Prime Minister Boris Johnson’s vision for a new partnership with the EU
Prime Minister Boris Johnson has set out his vision for a trade deal with the EU, stating that he wants a comprehensive trade agreement. The PM has suggested that he wishes to see a trade deal similar to that of Canada or Australia. Boris Johnson says in his speech that there is no need for a trade agreement between the UK and EU to involve an acceptance of EU rules and standards.
In his speech on 3 February in Greenwich, London, Prime Minister Boris Johnson said that the UK is not leaving EU to undermine European standards. The EU fears that a trade deal where EU standards and regulations are not met will result in overall lower regulatory standards on the European single market as UK business then can provide goods with lower standards at a lower price to European consumers. The EU is UK’s largest trading partner and a trade deal where there are different rules for British and European products will ultimately have consequences for the single market. It is therefore unlikely that the EU will accept a trade deal with UK where European standards and regulations are not included as the EU wishes to protect European businesses from being crowded out by cheaper British products and lower the standards on goods for European consumers.
A trade deal similar to that of Canada
Canada’s trade deal with the EU does not include an obligation of Canada to follow European regulatory standards, however, EU’s trade with Canada is not as comprehensive as that with Britain. EU’s trade agreement with Canada is called the Comprehensive Economic and Trade Agreement (CETA) and eliminates tariffs on 98% of products that the EU trades with Canada. The agreement also offers better conditions for services’ suppliers, greater mobility for company employees, and a framework to enable the mutual recognition of professional qualifications, from architects to crane operators.
The EU does not fear that an influx of Canadian products following different regulatory standards will have a negative impact on the single market. Other countries within Europe but outside the EU such as Norway have a trade deal with the EU where they must meet EU’s regulations and standards in order to gain access to the single market.
Boris Johnson has stated in his speech that he will continue to push for a trade deal with the EU where the UK is not obliged to follow EU regulatory standards, however, if he does not succeed doing so the existing Withdrawal Agreement ratified both by the European Parliament and the British Parliament will determine the rules of trade and cooperation between the EU and UK.
Other areas where the UK and EU disagrees is the fishing industry. For decades EU countries, in particular Denmark and France, have had access to British waters and become dependent on being able to fish in their waters in order to secure their economic growth and development. Boris Johnson said in his speech that the UK wishes to be an independent costal state at the end of 2020, controlling its own waters.
Boris Johnson is certain that Britain will continue to prosper outside the EU and that its partnership with the EU will be a success. The PM says that the opportunities with Brexit are extraordinary and will unleash Britain´s potential. “We will restore full sovereign control over our borders and immigration, competition and subsidy rules, procurement and data protection”, Mr Johnson said in his speech.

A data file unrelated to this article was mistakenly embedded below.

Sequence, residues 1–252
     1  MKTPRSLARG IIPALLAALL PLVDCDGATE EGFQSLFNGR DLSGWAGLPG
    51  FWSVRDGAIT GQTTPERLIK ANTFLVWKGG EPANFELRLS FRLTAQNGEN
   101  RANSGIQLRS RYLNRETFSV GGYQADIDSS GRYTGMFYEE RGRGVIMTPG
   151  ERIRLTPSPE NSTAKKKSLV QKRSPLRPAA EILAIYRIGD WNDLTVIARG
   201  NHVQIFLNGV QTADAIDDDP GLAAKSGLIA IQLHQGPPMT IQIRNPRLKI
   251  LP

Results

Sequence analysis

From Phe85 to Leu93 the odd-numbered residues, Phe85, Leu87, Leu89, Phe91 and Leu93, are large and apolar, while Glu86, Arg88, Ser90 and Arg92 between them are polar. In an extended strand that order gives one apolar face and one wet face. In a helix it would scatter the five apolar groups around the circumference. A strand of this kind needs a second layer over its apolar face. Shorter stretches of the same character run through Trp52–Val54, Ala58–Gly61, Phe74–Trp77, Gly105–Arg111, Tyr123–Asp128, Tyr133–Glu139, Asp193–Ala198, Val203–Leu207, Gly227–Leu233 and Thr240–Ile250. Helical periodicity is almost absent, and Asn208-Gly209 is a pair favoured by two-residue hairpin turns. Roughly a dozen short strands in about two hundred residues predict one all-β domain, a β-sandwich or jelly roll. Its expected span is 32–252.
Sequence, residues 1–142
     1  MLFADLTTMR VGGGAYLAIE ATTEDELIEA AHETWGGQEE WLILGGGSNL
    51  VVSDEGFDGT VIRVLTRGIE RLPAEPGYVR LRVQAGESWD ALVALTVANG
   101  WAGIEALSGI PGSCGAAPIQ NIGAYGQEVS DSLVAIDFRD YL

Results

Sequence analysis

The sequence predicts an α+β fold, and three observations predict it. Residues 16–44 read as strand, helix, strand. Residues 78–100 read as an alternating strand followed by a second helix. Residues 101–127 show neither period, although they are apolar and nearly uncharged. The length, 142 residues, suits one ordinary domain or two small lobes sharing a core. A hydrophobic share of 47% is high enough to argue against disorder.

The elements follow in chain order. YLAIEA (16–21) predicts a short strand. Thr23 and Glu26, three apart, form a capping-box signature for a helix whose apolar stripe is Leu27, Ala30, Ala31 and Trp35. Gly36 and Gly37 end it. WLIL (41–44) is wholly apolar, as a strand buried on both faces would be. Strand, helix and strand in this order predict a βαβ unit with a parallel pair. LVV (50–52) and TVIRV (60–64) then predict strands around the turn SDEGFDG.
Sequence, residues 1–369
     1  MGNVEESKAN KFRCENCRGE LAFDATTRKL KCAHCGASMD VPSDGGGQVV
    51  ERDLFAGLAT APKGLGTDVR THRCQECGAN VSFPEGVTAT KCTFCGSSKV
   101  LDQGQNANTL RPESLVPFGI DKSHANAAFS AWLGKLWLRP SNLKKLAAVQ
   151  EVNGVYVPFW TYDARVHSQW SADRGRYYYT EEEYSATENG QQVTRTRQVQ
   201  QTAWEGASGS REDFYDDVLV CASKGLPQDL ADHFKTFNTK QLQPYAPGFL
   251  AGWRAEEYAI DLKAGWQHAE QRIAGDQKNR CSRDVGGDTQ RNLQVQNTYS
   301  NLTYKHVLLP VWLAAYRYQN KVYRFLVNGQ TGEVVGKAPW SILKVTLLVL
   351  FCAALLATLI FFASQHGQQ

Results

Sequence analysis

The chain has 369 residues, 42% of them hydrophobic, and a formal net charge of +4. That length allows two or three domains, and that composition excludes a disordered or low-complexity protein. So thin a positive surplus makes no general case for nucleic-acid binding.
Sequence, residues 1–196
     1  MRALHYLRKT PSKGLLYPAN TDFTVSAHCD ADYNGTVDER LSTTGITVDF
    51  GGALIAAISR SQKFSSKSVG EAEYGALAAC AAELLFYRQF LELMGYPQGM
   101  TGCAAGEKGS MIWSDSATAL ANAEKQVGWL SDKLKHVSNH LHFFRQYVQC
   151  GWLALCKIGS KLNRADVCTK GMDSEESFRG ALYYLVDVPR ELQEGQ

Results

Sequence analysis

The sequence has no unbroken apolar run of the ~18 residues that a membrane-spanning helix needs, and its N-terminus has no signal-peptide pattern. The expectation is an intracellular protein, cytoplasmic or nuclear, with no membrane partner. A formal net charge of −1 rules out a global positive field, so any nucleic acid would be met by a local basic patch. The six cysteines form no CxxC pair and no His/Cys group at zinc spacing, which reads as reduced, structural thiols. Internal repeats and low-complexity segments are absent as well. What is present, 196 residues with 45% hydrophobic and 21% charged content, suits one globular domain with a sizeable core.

The UK will need to secure a trade agreement with the EU in order to stop trade barriers coming into force after the transition period ends in January 2021. The EU accounts for nearly 50% of Britain’s net trade, and a trade agreement between the UK and EU, which reduces and limits tariffs on goods and services has the potential to generate growth for both the EU and UK. Common rules and standards will make trade between the EU and UK simpler and faster as less goods need to be checked at the boarders in order to make sure they meet the required standards.
EU determined to have as close as possible partnership
The EU is a global economic power with a large single market, which allows the EU to negotiate trade deals beneficial to European consumers and businesses. EU’s chief negotiator, Michel Barnier, has said that a trade deal where the UK will agree on common standards with the EU will give Britain greater access to the single market. The EU envisions a new ambitious and comprehensive partnership where prosperity and security are enhanced by the rule-based international order, defending individual rights and the rule of law, high standards of protection of workers’ and consumers’ rights and of the environment, the fight against climate change, and free and fair trade.
Boris Johnson has said that the EU and UK will always cooperate in foreign and defense policy in order to secure the well being of European citizens. Brexit involves a complex set of negotiations and the EU and UK will continue to discuss what specific terms their new partnership will involve. There are still many uncertainties and issues surrounding UK’s withdrawal from the EU, which will need to be solved before the transition period ends in January 2021 and new rules of trade, travel and business will be put in place.
For more information visit:
Boris Johnson speech 3 February 2020
Negotiations for a new partnership with the United Kingdom and Northern Ireland, European Commission
Brexit: what trade deals has the UK done so far? – BBC
Brexit: Boris Johnson says ‘no need’ for UK to follow EU rules on trade – BBC